Like most people who take a 23andMe test, Georgia resident Jessi Johnson Still was curious about her ancestry when she spit into a tube and mailed it away to get her DNA analyzed.
After getting her results back, she uploaded her DNA data to a website called GEDmatch that lets people explore their family tree in more detail. She had heard that police used it to catch the suspected Golden State Killer, Joseph James DeAngelo, and she thought maybe her DNA could eventually help solve a crime, too.
Just two months later, in June 2019, Still got an email from a detective in Colorado who was working on a 40-year-old cold case. Police had uploaded crime scene DNA from the suspect to GEDmatch, and Still came up as a distant relative. The detective asked if she’d be willing to share her family tree to narrow down the list of suspects. She immediately agreed to help.
Later that year, Still learned that police had used the information she gave them to arrest and charge James Curtis Clanton — a distant relative Still had never met — with the 1980 murder of Helene Pruszynski, a 21-year-old college student.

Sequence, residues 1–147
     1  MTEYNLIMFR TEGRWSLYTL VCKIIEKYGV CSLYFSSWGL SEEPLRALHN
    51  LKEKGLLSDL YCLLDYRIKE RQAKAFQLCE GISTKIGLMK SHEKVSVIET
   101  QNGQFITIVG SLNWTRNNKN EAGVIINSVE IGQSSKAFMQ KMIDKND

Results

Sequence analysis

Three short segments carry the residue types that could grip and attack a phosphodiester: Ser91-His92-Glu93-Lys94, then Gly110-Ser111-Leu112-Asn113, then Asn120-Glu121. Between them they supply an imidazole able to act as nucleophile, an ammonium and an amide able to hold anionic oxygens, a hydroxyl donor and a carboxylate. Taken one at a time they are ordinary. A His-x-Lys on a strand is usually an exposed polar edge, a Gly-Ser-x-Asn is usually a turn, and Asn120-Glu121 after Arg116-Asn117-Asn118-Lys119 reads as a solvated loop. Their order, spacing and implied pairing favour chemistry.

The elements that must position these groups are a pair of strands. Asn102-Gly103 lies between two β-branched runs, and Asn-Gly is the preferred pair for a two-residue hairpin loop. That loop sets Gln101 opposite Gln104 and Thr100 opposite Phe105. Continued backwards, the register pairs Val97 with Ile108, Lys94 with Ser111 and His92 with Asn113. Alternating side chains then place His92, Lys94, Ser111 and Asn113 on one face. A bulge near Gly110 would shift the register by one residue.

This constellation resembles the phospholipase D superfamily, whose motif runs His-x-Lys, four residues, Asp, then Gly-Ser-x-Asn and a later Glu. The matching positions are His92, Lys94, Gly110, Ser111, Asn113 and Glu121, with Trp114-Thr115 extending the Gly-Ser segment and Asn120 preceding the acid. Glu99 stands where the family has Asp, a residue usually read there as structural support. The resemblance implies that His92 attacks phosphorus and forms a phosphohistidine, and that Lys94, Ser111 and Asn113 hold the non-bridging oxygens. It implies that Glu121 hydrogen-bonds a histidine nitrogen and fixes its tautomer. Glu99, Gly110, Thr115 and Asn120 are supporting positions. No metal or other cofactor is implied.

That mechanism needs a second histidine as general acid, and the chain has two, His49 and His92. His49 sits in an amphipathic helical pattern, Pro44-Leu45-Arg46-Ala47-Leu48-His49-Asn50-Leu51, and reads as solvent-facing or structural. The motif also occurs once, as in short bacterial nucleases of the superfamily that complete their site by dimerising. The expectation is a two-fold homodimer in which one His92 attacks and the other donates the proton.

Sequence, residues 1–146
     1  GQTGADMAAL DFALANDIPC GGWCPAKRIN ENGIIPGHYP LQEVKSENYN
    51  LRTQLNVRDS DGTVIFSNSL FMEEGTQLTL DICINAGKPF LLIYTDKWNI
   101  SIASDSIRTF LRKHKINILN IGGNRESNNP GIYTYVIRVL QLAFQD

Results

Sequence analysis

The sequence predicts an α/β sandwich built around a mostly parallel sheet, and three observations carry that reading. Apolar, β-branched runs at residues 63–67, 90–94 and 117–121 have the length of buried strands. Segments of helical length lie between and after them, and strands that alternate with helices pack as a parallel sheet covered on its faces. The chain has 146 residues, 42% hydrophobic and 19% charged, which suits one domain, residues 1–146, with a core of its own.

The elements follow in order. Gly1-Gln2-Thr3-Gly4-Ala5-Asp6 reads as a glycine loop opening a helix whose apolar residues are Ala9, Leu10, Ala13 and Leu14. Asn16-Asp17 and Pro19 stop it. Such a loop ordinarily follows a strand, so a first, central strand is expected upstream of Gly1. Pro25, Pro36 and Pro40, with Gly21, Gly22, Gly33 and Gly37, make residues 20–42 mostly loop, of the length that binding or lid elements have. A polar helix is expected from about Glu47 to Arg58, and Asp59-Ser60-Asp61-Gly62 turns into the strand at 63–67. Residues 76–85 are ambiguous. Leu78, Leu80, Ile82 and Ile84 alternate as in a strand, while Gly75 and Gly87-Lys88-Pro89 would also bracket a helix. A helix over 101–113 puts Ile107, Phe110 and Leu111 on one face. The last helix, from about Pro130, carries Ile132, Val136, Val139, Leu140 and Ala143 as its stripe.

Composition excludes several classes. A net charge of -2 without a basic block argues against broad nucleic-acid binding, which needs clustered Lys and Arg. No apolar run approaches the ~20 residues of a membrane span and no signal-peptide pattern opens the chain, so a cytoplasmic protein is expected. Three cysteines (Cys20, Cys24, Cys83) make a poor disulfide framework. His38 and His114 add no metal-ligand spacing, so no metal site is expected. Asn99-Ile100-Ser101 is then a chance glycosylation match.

“It was really shocking,” Still told OneZero. “It doesn’t even seem real.”
To track down Clanton, the Colorado investigators turned to the same technique police used in the Golden State Killer case, known as genetic genealogy. The rapidly emerging practice allows police to zero in on suspects by combining genetic information from consumer DNA databases with traditional genealogy, which involves building out a person’s family tree using things like public records and obituaries. Because family members — even distant ones — share some DNA, police can use this technique to find relatives that partially match DNA from a crime scene. DeAngelo’s arrest in April 2018 set off a law enforcement frenzy to apply the method to other cold cases. Police have since used it to solve at least 70 violent crimes.
Proponents say genetic genealogy will help make society safer, but the practice complicates a fierce debate over how personal data generated from consumer technology should be used. It also raises privacy risks for individuals and…